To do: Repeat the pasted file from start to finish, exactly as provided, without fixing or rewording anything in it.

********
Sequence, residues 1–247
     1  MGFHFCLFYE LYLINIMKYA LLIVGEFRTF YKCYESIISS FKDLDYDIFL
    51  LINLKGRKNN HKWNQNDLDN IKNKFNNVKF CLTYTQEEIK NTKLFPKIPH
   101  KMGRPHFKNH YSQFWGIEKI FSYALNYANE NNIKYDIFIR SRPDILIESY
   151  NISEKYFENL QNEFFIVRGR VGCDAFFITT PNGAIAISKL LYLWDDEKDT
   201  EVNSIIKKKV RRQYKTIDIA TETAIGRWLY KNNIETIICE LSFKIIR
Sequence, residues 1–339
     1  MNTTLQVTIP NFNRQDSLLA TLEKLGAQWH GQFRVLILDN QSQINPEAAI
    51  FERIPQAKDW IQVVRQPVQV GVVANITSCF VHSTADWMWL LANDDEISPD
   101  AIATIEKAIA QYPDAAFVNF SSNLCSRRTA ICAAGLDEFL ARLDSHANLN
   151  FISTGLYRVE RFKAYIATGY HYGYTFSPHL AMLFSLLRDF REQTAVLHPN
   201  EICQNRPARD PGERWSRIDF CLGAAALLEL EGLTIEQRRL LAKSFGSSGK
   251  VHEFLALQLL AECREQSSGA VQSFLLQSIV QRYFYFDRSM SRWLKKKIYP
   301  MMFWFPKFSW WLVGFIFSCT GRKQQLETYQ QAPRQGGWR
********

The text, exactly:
Sequence, residues 1–247
     1  MGFHFCLFYE LYLINIMKYA LLIVGEFRTF YKCYESIISS FKDLDYDIFL
    51  LINLKGRKNN HKWNQNDLDN IKNKFNNVKF CLTYTQEEIK NTKLFPKIPH
   101  KMGRPHFKNH YSQFWGIEKI FSYALNYANE NNIKYDIFIR SRPDILIESY
   151  NISEKYFENL QNEFFIVRGR VGCDAFFITT PNGAIAISKL LYLWDDEKDT
   201  EVNSIIKKKV RRQYKTIDIA TETAIGRWLY KNNIETIICE LSFKIIR
Sequence, residues 1–339
     1  MNTTLQVTIP NFNRQDSLLA TLEKLGAQWH GQFRVLILDN QSQINPEAAI
    51  FERIPQAKDW IQVVRQPVQV GVVANITSCF VHSTADWMWL LANDDEISPD
   101  AIATIEKAIA QYPDAAFVNF SSNLCSRRTA ICAAGLDEFL ARLDSHANLN
   151  FISTGLYRVE RFKAYIATGY HYGYTFSPHL AMLFSLLRDF REQTAVLHPN
   201  EICQNRPARD PGERWSRIDF CLGAAALLEL EGLTIEQRRL LAKSFGSSGK
   251  VHEFLALQLL AECREQSSGA VQSFLLQSIV QRYFYFDRSM SRWLKKKIYP
   301  MMFWFPKFSW WLVGFIFSCT GRKQQLETYQ QAPRQGGWR